NEW YORK—Seven-year-old children at familial high risk (FHR) of schizophrenia have “widespread neurocognitive impairments” and should be monitored to prevent transition to psychosis, researchers say.
Dr. Nicoline Hemager of Mental Health Services, Capital Region of Denmark, Kildegaardsvej and colleagues studied 514 seven-year-olds (46% girls), including 197 children with FHR schizophrenia, 118 with FHR bipolar disorder, and 199 matched controls.
Children were assessed using the Child Behavior Checklist (CBCL), Children’s Global Assessment Scale (CGAS), and various neurocognitive function tests.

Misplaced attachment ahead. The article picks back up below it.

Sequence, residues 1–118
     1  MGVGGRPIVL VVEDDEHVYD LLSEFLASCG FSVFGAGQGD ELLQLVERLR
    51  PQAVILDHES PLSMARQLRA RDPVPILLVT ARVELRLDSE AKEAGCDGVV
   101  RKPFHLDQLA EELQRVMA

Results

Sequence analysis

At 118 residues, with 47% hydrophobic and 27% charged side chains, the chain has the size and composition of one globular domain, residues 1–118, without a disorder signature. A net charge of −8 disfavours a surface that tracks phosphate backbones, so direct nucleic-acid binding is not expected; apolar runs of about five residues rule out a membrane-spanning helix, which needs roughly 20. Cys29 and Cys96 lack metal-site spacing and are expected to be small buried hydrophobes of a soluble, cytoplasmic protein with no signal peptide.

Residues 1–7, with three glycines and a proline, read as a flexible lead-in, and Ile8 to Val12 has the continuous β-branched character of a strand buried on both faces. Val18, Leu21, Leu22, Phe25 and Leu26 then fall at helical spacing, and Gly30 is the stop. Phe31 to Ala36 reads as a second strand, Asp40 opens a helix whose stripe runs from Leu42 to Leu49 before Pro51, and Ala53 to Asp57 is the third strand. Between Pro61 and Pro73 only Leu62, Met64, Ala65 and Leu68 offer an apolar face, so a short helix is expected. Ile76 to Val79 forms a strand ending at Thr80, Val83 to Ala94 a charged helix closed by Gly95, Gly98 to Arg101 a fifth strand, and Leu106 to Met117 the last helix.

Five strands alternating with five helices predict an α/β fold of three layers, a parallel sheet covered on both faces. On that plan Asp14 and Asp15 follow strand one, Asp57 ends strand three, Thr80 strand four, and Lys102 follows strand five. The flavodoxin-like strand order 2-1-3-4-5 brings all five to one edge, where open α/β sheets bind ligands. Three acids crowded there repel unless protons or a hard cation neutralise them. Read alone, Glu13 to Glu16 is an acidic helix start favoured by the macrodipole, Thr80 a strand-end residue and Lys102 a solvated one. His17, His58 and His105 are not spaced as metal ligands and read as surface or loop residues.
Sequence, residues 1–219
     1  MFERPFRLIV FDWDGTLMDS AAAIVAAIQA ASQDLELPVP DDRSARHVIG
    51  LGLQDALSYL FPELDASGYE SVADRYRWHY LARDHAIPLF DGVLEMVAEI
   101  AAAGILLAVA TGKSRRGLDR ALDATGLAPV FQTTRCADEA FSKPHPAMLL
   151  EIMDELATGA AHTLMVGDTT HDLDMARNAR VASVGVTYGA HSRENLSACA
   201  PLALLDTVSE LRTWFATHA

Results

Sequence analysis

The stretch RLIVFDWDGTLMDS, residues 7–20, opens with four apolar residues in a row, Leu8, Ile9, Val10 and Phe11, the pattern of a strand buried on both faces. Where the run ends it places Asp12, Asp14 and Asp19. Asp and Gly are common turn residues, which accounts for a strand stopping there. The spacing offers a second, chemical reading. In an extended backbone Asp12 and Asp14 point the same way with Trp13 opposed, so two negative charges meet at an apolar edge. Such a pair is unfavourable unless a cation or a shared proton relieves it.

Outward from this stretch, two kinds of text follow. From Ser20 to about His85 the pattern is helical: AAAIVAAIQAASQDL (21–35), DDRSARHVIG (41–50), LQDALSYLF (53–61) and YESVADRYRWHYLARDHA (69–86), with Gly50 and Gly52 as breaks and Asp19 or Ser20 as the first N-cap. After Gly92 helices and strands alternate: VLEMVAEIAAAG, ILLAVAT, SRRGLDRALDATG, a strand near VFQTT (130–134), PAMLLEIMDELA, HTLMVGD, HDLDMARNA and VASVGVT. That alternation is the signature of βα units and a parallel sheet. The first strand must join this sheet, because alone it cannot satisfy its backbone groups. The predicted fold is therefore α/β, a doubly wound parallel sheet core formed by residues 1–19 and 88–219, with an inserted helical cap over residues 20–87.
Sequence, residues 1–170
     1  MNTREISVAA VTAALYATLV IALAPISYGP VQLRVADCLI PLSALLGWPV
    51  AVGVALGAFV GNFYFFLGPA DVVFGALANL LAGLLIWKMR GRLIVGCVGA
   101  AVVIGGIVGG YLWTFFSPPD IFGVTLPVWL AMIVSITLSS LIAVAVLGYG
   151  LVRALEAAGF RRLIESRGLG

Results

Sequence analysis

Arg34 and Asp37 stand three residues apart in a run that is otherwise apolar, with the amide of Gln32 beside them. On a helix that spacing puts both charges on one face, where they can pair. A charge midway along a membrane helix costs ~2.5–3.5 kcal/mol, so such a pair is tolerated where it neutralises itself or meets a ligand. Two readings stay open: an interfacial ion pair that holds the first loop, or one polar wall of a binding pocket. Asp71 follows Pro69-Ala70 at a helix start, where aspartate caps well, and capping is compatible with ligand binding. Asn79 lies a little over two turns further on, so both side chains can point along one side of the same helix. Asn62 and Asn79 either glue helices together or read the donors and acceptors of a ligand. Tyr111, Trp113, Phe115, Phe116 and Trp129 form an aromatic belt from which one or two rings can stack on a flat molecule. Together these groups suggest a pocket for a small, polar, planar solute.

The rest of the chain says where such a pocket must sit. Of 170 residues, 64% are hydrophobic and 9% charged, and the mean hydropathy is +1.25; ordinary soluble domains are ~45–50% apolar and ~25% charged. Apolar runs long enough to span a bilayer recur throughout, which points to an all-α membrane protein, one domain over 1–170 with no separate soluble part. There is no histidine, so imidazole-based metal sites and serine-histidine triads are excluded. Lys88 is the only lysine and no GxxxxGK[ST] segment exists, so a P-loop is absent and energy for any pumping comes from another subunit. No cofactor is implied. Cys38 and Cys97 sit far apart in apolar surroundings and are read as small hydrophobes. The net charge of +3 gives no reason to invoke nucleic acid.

As reported online June 20 in JAMA Psychiatry, compared with the control group, the FHR schizophrenia group exhibited significantly more problem behavior (mean CBCL score 27.2 vs. 17.0) and significantly lower functioning (mean CGAS score, 68.1 vs. 77.7).
In the FHR bipolar group, the problem behavior score (mean, 23.4) and functional score (mean, 73.6) were in between the scores of the other study groups, and differed significantly from the control group on both scores and from the FHR schizophrenia group on the CGAS score.
Children with FHR schizophrenia were significantly impaired compared with controls on processing speed and working memory, executive and visuospatial functions, and declarative memory and attention. Further, they performed significantly worse on these tests than the FHR bipolar disorder group.
In contrast, there were no differences between FHR bipolar children and controls on these functions.